It happened about this time, that, either through the cold of the morning, or that Sancho had eaten at supper some lenitive meats, or that it was a thing natural (and that is most credible), he had a desire to do that which others could not do for him; but such was the fear that entered into his heart as he dared not depart from his lord the breadth of a straw, and to think to leave that which he had desired undone was also impossible; therefore, his resolution in that perplexed exigent (be it spoken with pardon) was this: he loosed his right hand, wherewithal he held fast the hinder part of the saddle, and therewithal very softly, and without any noise, he untied the cod-piece point wherewithal his breeches were only supported, which, that being let slip, did presently fall down about his legs like a pair of bolts; after this, lifting up his shirt the best he could, he exposed his buttocks to the air, which were not the least. This being done, which, as he thought, was the chiefest thing requisite to issue out of that terrible anguish and plunge, he was suddenly troubled with a greater, to wit, that he knew not how to disburden himself without making a noise; which to avoid, first he shut his teeth close, lifted up his shoulders, and gathered up his breath as much as he might; yet, notwithstanding all these diligences, he was so unfortunate, that he made a little noise at the end, much different from that which made him so fearful. Don Quixote heard it, and said, ‘What noise is that, Sancho?’ ‘I know it not, sir,’ quoth he; ‘I think it be some new thing for adventures; or rather, disventures never begin with a little.’ Then turned he once again to try his hap, and it succeeded so well that, without making any rumour or noise but that which he did at the first, he found himself free of the loading that troubled him so much.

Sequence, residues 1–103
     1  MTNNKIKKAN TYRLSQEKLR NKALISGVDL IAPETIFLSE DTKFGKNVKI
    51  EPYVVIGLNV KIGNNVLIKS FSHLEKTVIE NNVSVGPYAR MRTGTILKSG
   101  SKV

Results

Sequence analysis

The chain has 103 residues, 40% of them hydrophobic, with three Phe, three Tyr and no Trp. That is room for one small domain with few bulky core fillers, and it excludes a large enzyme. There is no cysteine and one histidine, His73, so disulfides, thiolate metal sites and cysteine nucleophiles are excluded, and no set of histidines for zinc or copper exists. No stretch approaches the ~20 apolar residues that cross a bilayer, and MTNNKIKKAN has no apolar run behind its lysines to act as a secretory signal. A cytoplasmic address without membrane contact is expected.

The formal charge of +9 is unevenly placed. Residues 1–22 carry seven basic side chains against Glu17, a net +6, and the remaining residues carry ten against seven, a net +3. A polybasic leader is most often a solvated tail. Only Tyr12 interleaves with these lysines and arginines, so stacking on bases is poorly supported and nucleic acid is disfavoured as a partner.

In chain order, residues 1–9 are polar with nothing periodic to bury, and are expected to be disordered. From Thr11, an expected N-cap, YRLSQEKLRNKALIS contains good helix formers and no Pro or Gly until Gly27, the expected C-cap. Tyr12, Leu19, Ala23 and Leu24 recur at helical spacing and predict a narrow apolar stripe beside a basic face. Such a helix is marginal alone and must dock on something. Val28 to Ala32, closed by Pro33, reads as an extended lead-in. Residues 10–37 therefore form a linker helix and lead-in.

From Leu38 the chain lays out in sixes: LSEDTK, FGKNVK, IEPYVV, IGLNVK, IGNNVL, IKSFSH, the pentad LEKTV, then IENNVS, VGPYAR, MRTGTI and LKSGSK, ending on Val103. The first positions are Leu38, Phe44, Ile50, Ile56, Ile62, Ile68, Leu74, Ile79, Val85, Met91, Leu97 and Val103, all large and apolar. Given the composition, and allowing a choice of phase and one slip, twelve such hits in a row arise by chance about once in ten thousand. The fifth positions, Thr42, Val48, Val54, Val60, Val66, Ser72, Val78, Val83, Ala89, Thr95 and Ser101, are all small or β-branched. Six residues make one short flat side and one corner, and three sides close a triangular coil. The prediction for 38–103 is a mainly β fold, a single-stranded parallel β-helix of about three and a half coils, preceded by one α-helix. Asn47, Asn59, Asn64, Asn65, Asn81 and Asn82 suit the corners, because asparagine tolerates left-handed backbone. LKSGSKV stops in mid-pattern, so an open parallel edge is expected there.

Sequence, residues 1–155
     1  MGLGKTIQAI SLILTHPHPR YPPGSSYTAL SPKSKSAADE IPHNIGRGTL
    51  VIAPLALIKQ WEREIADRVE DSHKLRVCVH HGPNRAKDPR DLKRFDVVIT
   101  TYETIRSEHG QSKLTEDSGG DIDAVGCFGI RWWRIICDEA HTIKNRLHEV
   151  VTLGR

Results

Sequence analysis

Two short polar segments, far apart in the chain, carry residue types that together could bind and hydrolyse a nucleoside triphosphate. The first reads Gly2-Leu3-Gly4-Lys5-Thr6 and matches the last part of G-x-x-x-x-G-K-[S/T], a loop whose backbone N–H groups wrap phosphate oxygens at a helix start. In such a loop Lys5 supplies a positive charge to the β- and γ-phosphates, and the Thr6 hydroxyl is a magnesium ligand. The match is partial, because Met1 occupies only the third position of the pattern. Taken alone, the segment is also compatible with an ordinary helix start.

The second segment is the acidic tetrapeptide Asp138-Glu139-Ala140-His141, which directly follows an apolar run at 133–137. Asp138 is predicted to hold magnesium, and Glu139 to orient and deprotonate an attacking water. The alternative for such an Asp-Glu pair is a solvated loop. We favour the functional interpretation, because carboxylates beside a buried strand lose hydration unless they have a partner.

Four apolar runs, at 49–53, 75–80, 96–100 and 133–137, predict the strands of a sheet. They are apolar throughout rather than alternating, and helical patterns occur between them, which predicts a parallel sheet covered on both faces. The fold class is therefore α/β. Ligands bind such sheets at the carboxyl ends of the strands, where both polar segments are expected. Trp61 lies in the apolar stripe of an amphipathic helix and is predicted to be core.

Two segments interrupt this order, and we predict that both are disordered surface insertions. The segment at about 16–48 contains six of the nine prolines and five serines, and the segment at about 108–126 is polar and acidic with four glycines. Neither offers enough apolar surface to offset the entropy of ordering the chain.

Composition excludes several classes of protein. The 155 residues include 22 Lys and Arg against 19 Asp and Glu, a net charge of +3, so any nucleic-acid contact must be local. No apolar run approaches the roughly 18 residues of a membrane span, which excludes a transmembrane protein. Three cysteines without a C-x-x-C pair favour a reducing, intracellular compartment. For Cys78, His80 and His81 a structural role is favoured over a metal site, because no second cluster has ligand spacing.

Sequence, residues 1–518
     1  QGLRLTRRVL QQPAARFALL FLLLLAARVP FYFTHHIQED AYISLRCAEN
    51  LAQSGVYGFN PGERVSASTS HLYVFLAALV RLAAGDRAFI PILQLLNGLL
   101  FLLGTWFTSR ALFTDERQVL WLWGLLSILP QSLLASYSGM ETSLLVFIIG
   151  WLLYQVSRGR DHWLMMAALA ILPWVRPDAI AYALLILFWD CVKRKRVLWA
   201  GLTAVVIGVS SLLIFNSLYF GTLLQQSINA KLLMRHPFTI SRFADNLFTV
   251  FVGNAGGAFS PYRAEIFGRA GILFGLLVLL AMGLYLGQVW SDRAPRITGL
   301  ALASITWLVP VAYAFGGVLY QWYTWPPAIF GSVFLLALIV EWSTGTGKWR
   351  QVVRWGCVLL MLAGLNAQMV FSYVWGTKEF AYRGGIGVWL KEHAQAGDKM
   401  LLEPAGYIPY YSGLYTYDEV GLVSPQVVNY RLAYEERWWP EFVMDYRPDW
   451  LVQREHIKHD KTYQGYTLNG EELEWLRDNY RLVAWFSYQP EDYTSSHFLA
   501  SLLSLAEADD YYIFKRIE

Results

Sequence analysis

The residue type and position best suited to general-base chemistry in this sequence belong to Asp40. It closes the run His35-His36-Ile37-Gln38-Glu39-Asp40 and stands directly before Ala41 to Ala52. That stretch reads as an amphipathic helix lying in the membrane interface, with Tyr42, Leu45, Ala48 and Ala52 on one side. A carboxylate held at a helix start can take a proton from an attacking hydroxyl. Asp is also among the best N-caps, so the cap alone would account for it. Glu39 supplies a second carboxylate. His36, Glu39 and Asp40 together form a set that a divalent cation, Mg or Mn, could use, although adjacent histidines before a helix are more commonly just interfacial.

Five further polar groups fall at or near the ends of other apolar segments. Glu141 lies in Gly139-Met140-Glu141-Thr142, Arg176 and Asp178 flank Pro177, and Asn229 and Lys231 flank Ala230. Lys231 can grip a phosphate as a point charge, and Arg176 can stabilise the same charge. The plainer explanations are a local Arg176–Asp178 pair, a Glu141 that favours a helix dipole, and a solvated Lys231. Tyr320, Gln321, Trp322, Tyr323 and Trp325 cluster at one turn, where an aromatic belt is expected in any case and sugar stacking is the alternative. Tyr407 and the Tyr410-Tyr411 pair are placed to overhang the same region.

But Don Quixote having the sense of smelling as perfect as that of his hearing, and Sancho stood so near, or rather joined to him, as the vapours did ascend upward, almost by a direct line, he could not excuse himself but that some of them must needs touch his nose. And scarce had they arrived, but that he occurred to the usual remedy, and stopped it very well between his fingers, and then said with a snaffling voice, ‘Methinks, Sancho, that thou art much afraid.’ ‘I am indeed,’ replied Sancho; ‘but wherein, I pray you, do you perceive it now more than ever?’ ‘In that thou smellest now more than ever,’ quoth Don Quixote, ‘and that not of amber.’ ‘It may be so,’ quoth Sancho; ‘yet the fault is not mine, but yours, which bring me, at such unseasonable hours, through so desolate and fearful places.’ ‘I pray thee, friend, retire thyself two or three steps back,’ quoth Don Quixote, holding his fingers still upon his nose, ‘and from henceforth have more care of thy person, and of the respect thou owest to mine; for I see the overmuch familiarity that I use with thee hath engendered this contempt.’ ‘I dare wager,’ quoth Sancho, ‘that you think I have done somewhat with my person that I ought not.’ ‘Friend Sancho,’ quoth Don Quixote, ‘it is the worse to stir it thus.’ And thus, in these and such like conversation, the master and the man passed over the night. And Sancho, seeing that the morning approach, he loosed Rozinante very warily, and tied up his hose. Rozinante, feeling himself (although he was not naturally very courageous), he seemed to rejoice, and began to beat the ground with his hoofs; for (by his leave) he could never yet curvet. Don Quixote, seeing that Rozinante could now stir, accounted it to be a good sign, and an encouragement of him to attempt that timorous adventure.